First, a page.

Since we will use online mode, we need to alter some of the Tomcat startup scripts. If we were using BEA JRockit or Java 1.5, it would be a matter of adding a single JVM option.

Since I will not make any assumption on your JVM environment, I will skip the interesting details in this part and we will use a non-optimized but out-of-the-box solution that ships with the AspectWerkz distribution: the command line tool in ASPECTWERKZ_HOME/bin/aspectwerkz (read doc).

Open the Tomcat startup script bin/catalina.bat (C:\aw\jakarta-tomcat-5.0.25\bin\catalina.bat).
The main idea is to set ASPECTWERKZ_HOME in this script and replace JAVA_HOME/bin/java with ASPECTWERKZ_HOME/bin/aspectwerkz.

Locate at the end of the script:

and alter it as follows:

For a complete understanding of the different options and other modes, refer to the AspectWerkz weaving schemes documentation.
Note that as a consequence of using the command line tool for simplicity here, we will run the Tomcat with -Xdebug JVM mode (with Java 1.4).

Do not startup Tomcat for now.

Aspect deployed in the application with a WEB-INF/aop.xml

This section explains the main step required and consequences of packaging an aop.xml file in your deployed application (WEB-INF/aop.xml).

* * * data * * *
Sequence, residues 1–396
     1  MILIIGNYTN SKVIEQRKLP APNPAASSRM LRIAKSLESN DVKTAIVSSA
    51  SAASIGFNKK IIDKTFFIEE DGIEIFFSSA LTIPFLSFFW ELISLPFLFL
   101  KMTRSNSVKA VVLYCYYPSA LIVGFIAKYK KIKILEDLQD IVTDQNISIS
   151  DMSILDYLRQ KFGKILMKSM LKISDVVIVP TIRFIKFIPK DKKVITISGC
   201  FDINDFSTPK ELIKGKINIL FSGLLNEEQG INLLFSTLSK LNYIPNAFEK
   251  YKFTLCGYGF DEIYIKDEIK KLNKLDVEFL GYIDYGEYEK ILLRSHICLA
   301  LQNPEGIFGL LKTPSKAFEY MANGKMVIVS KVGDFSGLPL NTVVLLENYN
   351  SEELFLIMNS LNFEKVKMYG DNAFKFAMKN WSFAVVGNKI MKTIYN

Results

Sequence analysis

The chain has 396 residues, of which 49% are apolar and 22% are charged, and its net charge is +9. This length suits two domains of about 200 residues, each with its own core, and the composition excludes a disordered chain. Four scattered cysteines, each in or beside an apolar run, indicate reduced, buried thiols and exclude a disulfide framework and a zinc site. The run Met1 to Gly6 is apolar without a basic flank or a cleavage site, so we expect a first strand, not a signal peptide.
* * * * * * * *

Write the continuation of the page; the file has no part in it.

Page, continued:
The big picture is as follow:

In this section we decide to package our aspect as a regular class of the web application, and we define the pointcut and activate the aspect
through the help of the WEB-INF/aop.xml file.
As a consequence, only the classes of the web application will be eventually weaved (if the pointcut match), even if the pointcut is supposed to match everything (all public method execution as explained in the previous section). In fact, the deployment mechanism tied to the web application deployment add an unbreakable isolation, and only public method execution of classes loaded belonging to the web application will be targetted by our DemoAspect.